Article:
Jamez wrote:You guys have had yours longer and dug into it further, but on 3 separate occasions I have returned to the car 8 hours later during -16C ambient temperature to have between 2 to 5 km's range lost.
Yes, this was probably because the battery simply got COLDER between those two points in time.
It is a matter of physics and chemistry that batteries do not perform as well as they get colder. Further, there is one thing that performs worse than a cold battery: An even colder battery.
The effect I'm talking about is dynamic
: the energy potential of a battery is not a "static" thing, changing only when energy is explicitly consumed. Instead, as the battery temperature decreases, the car will measure less and less voltage at the battery, compute less energy available, and thus estimate a shorter range. Conversely, if the battery temperature increases between two points in time, the measured voltage will increase, the car will compute increased energy available, and estimate a longer range.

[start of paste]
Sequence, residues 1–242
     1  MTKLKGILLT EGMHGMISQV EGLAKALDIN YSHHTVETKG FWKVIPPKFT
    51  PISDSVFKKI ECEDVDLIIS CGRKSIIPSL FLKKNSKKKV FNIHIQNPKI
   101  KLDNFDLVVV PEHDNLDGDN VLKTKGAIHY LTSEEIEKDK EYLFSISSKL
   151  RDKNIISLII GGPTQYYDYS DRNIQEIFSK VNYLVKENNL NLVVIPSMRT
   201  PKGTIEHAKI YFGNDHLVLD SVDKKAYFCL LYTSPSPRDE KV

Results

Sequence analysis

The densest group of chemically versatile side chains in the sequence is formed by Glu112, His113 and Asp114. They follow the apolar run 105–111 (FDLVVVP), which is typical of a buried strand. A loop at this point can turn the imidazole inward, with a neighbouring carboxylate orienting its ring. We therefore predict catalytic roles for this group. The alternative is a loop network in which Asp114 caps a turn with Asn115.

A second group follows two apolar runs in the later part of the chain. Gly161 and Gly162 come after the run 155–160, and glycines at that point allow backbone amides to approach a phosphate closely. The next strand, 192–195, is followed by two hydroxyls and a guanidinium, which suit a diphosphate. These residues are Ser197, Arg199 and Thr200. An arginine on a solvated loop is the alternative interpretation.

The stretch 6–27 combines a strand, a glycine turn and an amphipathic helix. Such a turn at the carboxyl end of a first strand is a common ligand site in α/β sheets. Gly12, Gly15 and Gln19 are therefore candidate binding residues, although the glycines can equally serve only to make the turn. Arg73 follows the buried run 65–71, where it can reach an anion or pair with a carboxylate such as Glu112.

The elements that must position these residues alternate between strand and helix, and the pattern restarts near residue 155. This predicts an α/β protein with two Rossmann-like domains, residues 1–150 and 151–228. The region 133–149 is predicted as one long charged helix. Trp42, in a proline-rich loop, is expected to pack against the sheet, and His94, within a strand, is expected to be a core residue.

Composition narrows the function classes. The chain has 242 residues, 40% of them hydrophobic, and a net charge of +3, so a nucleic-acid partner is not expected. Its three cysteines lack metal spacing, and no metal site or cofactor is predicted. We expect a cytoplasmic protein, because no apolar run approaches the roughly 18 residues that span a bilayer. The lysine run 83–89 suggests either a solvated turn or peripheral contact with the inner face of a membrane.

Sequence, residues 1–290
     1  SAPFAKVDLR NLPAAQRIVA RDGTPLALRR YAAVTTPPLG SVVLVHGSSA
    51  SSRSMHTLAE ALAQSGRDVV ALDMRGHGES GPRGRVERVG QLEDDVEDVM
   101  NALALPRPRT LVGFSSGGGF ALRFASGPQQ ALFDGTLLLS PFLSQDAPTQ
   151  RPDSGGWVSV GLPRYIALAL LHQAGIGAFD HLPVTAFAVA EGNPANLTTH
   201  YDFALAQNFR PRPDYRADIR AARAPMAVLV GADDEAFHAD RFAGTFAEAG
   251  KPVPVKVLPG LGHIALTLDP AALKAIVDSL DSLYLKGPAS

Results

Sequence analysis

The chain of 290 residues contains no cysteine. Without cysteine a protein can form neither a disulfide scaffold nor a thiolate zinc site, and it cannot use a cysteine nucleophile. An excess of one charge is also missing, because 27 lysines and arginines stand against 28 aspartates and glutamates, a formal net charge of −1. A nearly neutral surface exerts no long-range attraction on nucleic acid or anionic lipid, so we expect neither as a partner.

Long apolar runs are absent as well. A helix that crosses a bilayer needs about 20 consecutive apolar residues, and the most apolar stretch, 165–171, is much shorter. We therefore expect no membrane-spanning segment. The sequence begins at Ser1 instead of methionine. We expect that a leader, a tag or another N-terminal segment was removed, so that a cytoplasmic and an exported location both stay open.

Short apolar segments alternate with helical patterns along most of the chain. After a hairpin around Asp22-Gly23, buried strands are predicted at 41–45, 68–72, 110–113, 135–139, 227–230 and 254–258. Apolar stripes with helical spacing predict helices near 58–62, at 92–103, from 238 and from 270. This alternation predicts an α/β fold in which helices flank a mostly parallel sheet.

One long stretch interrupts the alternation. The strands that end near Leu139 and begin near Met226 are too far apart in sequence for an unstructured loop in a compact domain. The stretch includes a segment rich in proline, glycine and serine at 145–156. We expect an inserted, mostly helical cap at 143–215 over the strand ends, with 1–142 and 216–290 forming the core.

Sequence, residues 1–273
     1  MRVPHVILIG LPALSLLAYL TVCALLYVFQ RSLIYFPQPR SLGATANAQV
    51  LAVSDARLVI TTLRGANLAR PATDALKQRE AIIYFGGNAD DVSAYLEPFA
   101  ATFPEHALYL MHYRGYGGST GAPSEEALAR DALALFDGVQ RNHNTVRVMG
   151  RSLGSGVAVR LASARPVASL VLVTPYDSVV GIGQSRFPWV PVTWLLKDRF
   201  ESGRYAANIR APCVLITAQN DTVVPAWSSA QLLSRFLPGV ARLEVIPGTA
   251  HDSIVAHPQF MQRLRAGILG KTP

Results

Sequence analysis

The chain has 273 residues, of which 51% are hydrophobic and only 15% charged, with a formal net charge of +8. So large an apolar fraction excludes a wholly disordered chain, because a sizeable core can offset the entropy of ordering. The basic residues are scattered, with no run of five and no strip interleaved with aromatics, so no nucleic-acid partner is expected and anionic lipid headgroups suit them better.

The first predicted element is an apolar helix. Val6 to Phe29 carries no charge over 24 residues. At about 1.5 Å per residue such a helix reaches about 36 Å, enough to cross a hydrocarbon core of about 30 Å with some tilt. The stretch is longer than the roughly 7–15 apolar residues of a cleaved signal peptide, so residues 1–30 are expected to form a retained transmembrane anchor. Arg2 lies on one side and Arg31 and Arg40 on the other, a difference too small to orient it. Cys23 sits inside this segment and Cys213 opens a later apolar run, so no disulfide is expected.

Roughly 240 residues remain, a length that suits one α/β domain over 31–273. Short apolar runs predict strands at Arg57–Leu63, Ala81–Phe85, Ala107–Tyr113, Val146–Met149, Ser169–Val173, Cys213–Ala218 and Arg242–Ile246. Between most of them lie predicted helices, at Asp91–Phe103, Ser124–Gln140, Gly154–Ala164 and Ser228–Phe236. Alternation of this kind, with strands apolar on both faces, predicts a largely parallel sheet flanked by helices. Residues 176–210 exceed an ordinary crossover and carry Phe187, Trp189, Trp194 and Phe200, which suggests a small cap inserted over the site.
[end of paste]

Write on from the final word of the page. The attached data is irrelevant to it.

Again, this isn't a function of some absolute amount of energy somehow being "moved" out of (or into) the battery... it is an intrinsic function of the battery just getting colder (or warmer), chemistry and physical properties changing, and the resulting decrease (or increase) in the battery's potential for releasing energy.
Managing battery performance in extreme weather is one of the things that the "GO Time" feature is for... to give the car time (and extra power) to heat (or cool) the battery just before you want to drive, adjusting the battery temperature closer to an optimal level, and improving its performance.